It is with affection that Pullman revives such characters, although this is coupled with “great wariness” in the case of Mrs Coulter, a young but ruthless femme fatale who is not above using her daughter in her political machinations. “I always felt I had to be on my mettle when I wrote about her.”
One mainstay of Lyra’s world that fans will be glad to see again are the daemons, which are animal manifestations of people’s souls. The daemons of children can shape-shift, only becoming fixed after puberty.
Pullman believes his own daemon would be a bird of the corvid family, possibly a raven.
“The reason is that those birds happily steal things and so do storytellers,” he says. “We steal stories, ideas, words and phrases, characters, all kinds of things, both from books and films and from real life.”
He is married to Judith Speller, also a former teacher. They have two adult sons and four grandchildren.
There is a dystopian bent to La Belle Sauvage, as the church authority known as the Magis-terium becomes more and more powerful. Pullman says he did not choose this direction, but that it arose from things that press on his awareness.
“The world is in a strange state at the moment and it would be odd if none of the political craziness that seems to be affecting it didn’t work its way into my stories.”
Chief among this is Brexit (Britain’s bitterly divisive decision to exit the European Union), which he deems “the biggest political disaster of my lifetime”.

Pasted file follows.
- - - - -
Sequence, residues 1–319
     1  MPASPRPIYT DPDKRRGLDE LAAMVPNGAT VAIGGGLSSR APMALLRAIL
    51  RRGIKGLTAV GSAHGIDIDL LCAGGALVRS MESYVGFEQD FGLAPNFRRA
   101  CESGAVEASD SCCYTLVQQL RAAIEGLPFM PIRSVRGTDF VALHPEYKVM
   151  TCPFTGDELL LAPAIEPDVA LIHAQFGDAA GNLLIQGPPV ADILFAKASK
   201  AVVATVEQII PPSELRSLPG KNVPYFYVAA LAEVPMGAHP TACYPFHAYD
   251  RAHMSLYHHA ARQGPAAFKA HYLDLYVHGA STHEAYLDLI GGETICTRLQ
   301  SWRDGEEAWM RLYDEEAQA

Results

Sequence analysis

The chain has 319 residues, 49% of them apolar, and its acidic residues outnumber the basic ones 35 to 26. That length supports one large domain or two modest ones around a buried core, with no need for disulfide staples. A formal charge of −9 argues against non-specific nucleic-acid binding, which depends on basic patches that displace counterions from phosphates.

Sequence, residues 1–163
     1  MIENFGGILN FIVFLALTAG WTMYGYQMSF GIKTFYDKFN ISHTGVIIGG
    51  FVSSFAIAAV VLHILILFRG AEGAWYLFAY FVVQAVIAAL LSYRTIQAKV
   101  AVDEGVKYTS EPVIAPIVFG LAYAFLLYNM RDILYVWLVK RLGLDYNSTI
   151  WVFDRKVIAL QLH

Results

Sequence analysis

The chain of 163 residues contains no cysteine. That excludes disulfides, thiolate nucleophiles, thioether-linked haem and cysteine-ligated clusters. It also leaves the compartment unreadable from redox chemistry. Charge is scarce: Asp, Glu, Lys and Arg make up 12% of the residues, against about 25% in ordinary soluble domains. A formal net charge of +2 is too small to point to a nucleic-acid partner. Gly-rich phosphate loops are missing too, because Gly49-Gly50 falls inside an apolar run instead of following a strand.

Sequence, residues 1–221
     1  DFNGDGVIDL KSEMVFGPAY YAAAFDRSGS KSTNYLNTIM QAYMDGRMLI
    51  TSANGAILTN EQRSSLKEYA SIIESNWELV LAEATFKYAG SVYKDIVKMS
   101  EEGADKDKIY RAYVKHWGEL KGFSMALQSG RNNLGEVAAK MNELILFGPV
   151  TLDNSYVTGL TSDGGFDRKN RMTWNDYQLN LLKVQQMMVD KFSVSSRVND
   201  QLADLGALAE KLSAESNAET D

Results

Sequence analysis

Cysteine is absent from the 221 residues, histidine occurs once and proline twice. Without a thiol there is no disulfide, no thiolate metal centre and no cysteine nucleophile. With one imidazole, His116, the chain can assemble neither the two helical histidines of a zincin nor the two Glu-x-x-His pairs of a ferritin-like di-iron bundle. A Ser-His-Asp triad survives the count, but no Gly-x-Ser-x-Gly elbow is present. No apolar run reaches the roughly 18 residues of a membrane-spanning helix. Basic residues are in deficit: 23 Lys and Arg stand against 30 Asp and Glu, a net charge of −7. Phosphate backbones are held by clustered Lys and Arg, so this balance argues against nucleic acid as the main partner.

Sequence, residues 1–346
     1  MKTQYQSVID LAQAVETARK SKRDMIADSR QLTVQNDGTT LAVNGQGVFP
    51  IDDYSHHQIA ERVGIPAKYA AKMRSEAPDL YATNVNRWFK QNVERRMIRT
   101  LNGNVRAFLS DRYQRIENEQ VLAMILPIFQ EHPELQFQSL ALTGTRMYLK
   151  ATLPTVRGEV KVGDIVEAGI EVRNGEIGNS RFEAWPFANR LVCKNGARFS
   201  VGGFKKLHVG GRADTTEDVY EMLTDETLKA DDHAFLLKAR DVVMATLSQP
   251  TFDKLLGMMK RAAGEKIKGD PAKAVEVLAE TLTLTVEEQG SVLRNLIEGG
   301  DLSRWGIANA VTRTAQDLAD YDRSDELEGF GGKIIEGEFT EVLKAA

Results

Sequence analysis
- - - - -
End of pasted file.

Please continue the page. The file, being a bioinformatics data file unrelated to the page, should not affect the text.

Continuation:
“I think (former) Prime Minister David Cameron was utterly stupid, lazy and reckless to call the referendum last year,” he says. “We have a parliamentary democracy and we elect Members of Parliament to debate, discuss and research big questions like that.
“The sheer dishonesty, ignorance and fanaticism of the Brexit side has been astonishing to those of us who thought that reason and common sense had a part to play in the way the world was run. Clearly, we were wrong.”
He may write fantasy, but he also wants to effect change in the real world.
He campaigns against the closure of libraries and cut-price book discounts that hurt authors’ earnings. In June this year, he raised £32,400 (RM180,000) for those affected by the Grenfell Tower fire in London, which killed at least 75 people and left hundreds homeless, in a character name auction for The Book Of Dust.
The winning bid was for him to name a character in memory of Nur Huda el-Wahabi, a teenage Grenfell resident who died in the blaze.
“I was very moved to hear about her,” he says. “To have a single character and her story emerging from such an overwhelming disaster makes it all the more real and terrible.”
The job of fiction, he quotes 18th-century writer Samuel Johnson in saying, is to enable the reader “better to enjoy life or better to endure it”.
But, he adds, if writers have a voice in the world outside their novels, they should use it in any way they feel right.
“If I have any voice in the world outside my fiction, I try to speak up for the things I believe in.” – The Straits Times/Asia News Network